German vice chancellor and head of Angela Merkel's allies, the Free Democratic Party, Philipp Roesler, delivers his speech at the party's convention in Berlin, Saturday March 9, 2013. Roesler is trying to rally his struggling pro-market party as it gears up for September elections - portraying it as the only political force that will prevent tax hikes and a staunch defender of Berlinís tough approach to the European debt crisis. Polls show Roeslerís Free Democratic Party short of the 5 percent support needed to win parliamentary seats - a complicating factor in conservative Chancellor Angela Merkelís quest for a third term. (AP Photo/dpa, Michael Kappeler)
Saturday, March 09, 2013 12:39 pm
German vice chancellor tries to rally party
By GEIR MOULSONAssociated Press
Philipp Roesler's Free Democratic Party also sought to put recent infighting over his future behind it, giving the 40-year-old another two-year term as leader.
Poll ratings for the FDP, the junior partner in conservative Chancellor Angela Merkel's coalition government, are below the 5 percent needed to win parliamentary seats - a complicating factor as Merkel seeks a third term.
The FDP entered Merkel's government after winning nearly 15 percent of the vote in Germany's 2009 election with a campaign that focused on big tax cuts. However, it failed to achieve them and received much of the blame for frequent coalition squabbling.
At a party convention on Saturday, Roesler, who is also Germany's economy minister, asserted that the center-left opposition plans "an orgy of tax increases" and his party is the only bulwark against that. Merkel's party "has long since toppled over in the fight against extra burdens, but doesn't dare tell people that," he said.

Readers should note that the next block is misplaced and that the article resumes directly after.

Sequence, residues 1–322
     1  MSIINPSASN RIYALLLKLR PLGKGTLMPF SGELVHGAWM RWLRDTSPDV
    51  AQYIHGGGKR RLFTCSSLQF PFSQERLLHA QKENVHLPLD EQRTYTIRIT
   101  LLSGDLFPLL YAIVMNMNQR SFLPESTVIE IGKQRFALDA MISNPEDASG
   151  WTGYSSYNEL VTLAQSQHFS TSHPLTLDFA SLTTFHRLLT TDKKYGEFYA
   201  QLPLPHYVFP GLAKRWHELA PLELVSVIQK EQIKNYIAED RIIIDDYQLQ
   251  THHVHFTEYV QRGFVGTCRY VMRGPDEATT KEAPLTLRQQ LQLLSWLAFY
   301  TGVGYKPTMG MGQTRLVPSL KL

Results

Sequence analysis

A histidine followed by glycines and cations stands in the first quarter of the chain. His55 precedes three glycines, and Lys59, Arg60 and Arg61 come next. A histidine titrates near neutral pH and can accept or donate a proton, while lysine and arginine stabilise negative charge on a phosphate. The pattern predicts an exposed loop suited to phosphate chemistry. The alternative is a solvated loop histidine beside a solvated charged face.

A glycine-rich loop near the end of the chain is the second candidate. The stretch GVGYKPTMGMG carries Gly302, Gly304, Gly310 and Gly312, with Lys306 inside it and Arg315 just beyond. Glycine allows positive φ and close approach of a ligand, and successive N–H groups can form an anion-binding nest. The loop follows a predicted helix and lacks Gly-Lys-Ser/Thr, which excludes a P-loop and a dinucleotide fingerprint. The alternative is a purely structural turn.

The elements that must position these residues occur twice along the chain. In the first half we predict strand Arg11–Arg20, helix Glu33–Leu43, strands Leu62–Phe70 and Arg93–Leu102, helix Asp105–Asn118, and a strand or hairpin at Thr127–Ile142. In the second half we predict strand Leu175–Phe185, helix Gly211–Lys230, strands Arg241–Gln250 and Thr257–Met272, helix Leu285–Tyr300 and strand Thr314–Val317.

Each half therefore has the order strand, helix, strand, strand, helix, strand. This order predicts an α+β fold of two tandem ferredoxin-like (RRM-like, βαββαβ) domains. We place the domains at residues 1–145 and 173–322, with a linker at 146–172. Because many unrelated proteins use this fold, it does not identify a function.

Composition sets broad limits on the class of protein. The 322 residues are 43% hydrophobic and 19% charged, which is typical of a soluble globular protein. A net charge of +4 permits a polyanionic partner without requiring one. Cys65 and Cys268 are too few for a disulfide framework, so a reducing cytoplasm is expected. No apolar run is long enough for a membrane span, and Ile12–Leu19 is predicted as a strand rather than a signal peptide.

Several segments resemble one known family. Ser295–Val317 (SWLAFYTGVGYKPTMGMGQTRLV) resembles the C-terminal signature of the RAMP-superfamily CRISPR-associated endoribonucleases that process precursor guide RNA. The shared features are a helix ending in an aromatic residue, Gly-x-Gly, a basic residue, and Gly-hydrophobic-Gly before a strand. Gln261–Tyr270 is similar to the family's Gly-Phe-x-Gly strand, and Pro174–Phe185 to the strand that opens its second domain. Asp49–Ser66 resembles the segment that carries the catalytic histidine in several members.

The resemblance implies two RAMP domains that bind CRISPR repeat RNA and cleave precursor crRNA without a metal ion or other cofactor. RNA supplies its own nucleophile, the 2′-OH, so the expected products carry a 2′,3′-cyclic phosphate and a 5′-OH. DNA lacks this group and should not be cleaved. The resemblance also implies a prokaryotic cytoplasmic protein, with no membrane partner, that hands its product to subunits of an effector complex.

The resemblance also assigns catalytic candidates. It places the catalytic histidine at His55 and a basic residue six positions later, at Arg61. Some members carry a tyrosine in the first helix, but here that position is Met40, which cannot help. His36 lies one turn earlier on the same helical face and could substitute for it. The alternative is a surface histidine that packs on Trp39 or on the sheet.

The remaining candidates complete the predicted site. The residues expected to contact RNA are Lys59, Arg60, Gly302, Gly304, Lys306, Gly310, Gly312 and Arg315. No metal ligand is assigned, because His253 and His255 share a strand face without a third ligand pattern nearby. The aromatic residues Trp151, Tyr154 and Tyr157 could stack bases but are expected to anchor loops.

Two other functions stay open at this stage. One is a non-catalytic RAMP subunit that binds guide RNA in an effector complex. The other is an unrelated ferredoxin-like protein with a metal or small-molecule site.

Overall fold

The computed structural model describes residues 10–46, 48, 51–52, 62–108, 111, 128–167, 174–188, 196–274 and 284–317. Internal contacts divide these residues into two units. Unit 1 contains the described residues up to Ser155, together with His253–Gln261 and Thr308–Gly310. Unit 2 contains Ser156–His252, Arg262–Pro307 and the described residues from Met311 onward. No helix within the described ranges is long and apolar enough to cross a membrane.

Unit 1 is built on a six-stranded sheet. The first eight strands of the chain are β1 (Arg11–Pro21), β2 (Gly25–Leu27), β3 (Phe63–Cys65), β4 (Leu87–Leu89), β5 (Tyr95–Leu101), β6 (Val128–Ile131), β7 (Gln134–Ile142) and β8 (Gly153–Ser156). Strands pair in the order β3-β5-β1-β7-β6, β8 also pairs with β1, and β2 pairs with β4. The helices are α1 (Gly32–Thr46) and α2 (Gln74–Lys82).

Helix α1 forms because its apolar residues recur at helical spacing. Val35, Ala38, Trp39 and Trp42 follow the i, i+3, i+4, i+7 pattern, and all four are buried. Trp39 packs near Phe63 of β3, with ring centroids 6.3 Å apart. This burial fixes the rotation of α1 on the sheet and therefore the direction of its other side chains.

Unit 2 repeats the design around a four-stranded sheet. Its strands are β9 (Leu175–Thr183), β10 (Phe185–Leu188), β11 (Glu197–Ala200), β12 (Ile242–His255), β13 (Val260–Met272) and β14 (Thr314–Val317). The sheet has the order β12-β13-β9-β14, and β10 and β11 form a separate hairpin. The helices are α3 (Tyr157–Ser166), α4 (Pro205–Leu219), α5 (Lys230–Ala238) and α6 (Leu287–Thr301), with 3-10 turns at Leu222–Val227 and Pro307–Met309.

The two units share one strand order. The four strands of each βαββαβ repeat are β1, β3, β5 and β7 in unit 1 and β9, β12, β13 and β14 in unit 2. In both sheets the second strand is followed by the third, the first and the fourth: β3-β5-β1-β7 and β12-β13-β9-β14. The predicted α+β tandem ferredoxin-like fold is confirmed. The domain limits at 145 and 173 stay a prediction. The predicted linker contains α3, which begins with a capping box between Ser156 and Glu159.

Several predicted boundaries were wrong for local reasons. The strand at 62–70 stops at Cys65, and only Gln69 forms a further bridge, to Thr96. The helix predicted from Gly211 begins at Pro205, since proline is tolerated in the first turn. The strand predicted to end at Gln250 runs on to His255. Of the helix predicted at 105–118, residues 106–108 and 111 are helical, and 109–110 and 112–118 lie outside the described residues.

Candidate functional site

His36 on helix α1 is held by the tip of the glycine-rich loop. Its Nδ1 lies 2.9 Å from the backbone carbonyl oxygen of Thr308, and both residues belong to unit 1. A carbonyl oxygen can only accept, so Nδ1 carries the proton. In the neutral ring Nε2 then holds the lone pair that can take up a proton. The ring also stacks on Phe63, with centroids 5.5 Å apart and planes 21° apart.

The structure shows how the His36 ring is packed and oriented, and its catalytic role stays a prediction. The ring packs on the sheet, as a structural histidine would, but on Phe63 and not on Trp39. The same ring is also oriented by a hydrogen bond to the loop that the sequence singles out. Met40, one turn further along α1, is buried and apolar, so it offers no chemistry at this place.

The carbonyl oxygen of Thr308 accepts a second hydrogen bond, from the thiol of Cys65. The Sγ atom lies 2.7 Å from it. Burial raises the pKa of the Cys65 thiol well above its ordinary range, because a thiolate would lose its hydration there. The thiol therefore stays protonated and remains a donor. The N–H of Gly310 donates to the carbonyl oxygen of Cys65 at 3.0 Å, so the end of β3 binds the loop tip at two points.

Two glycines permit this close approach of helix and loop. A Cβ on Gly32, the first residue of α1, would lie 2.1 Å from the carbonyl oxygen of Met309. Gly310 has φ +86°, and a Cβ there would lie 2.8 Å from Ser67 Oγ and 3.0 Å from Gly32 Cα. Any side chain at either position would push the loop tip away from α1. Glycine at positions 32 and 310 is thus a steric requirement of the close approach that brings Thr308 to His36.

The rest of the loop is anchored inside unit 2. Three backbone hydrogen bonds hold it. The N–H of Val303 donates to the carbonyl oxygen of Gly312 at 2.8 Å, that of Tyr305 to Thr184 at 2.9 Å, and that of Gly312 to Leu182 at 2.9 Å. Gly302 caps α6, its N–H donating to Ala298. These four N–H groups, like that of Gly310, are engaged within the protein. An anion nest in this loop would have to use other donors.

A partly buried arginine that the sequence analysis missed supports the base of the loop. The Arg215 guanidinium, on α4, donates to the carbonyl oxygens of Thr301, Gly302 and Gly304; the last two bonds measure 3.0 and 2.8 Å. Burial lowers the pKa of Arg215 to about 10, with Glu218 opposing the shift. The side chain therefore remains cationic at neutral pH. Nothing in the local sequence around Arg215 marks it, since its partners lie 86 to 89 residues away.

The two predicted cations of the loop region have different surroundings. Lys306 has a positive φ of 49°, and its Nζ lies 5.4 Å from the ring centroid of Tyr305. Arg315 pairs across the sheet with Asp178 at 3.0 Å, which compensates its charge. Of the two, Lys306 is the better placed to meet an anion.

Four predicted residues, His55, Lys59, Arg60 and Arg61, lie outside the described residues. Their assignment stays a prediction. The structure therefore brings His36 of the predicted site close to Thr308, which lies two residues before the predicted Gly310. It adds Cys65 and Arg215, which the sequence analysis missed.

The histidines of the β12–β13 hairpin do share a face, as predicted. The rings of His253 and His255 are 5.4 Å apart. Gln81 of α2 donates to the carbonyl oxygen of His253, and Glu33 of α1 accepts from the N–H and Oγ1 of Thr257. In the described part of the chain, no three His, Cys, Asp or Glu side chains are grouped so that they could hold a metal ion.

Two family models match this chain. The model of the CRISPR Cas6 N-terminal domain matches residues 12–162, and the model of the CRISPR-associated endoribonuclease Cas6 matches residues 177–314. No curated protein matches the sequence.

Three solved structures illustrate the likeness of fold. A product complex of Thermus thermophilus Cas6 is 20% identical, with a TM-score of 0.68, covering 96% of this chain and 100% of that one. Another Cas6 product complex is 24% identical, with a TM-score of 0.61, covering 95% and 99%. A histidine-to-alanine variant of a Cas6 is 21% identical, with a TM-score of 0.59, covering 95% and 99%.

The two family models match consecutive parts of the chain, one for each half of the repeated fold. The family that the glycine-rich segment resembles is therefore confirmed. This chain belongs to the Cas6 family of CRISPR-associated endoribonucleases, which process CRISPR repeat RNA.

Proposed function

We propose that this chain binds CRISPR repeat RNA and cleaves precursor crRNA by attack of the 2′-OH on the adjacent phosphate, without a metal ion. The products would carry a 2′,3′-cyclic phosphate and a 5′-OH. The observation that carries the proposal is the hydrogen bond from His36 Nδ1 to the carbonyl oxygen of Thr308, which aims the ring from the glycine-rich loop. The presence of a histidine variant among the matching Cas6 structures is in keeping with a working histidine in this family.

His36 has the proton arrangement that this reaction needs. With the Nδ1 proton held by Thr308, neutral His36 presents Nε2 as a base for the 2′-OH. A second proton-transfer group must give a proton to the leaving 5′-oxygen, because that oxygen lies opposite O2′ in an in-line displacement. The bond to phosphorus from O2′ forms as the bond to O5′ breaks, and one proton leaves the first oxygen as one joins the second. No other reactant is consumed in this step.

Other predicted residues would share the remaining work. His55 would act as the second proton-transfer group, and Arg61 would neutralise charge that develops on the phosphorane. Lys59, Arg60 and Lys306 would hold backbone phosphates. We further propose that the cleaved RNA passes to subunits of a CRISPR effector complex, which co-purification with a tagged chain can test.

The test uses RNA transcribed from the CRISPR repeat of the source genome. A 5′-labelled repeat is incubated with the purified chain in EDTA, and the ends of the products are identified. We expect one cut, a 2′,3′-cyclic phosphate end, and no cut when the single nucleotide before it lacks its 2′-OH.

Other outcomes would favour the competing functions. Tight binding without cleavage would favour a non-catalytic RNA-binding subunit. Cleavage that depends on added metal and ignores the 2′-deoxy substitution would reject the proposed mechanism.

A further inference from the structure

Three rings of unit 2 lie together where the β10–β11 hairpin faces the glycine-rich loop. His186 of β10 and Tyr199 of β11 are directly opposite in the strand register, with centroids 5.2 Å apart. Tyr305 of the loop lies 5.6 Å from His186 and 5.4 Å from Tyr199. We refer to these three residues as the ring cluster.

Roesler's party has often talked particularly tough in the eurozone debt crisis, in which Merkel has pushed an austerity-heavy remedy that is unpopular abroad.
He praised efforts to cut debt and implement economic reforms, but said there is "a new danger - discussions over whether it would perhaps be better, instead of strengthening competitiveness, to weaken the currency." France recently urged eurozone nations to help control the euro's value.
Roesler said his party "keeps the coalition on course," rejecting calls for a mandatory national minimum wage and pressing Merkel's conservatives to overcome their reluctance to strengthen rights for gay couples.
Roesler, the FDP leader since May 2011, long appeared likely to lose his job as the party's poll ratings stagnated. However, he was strengthened by an unexpectedly strong performance in a January state election, which allowed him to wrong-foot critics.
On Saturday, he ran unopposed for re-election as leader and was backed by some 86 percent of delegates. Parliamentary group leader Rainer Bruederle, long considered a potential replacement, will lead the party's election campaign.
"If we stand together, if we stick to our guns, we will be successful," Roesler said.
Merkel's Union bloc currently leads the polls, but they give neither her current coalition nor center-left rivals a majority.